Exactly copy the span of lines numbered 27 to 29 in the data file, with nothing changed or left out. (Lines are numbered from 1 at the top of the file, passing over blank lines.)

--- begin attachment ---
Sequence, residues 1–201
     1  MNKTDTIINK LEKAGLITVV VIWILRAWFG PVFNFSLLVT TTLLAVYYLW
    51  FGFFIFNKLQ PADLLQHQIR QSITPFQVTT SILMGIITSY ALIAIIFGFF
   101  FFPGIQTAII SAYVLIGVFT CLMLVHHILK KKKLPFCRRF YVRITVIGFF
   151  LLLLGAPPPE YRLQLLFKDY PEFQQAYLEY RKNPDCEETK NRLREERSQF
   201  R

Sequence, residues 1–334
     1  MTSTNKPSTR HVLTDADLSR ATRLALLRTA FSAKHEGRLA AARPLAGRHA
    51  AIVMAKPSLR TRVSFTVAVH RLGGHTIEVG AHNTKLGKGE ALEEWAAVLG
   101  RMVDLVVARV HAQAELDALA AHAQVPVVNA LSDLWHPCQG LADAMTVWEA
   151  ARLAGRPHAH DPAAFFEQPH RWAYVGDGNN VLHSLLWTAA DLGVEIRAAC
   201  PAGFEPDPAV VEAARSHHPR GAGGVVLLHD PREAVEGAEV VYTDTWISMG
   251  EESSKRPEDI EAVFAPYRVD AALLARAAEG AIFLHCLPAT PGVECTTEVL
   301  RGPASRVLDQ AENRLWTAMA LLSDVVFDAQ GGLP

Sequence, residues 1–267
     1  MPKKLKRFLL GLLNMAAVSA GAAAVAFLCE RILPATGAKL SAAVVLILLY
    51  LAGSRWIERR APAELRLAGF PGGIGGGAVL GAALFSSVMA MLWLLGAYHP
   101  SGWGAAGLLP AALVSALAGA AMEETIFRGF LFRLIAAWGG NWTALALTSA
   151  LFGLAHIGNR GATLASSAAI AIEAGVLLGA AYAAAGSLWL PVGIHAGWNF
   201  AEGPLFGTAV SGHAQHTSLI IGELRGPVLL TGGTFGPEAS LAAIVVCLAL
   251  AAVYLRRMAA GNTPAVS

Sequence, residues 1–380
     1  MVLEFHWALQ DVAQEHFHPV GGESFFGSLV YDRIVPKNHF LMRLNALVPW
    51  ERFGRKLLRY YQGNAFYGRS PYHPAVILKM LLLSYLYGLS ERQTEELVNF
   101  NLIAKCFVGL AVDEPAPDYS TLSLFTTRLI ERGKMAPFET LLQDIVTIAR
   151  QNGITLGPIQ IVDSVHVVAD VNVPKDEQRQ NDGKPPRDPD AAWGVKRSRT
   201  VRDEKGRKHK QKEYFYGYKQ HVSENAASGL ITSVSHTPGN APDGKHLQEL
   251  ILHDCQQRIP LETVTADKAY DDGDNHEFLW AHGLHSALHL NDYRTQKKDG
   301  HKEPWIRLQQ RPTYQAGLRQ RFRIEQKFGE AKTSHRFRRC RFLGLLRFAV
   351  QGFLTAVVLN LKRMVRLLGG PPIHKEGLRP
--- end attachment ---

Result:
   201  VRDEKGRKHK QKEYFYGYKQ HVSENAASGL ITSVSHTPGN APDGKHLQEL
   251  ILHDCQQRIP LETVTADKAY DDGDNHEFLW AHGLHSALHL NDYRTQKKDG
   301  HKEPWIRLQQ RPTYQAGLRQ RFRIEQKFGE AKTSHRFRRC RFLGLLRFAV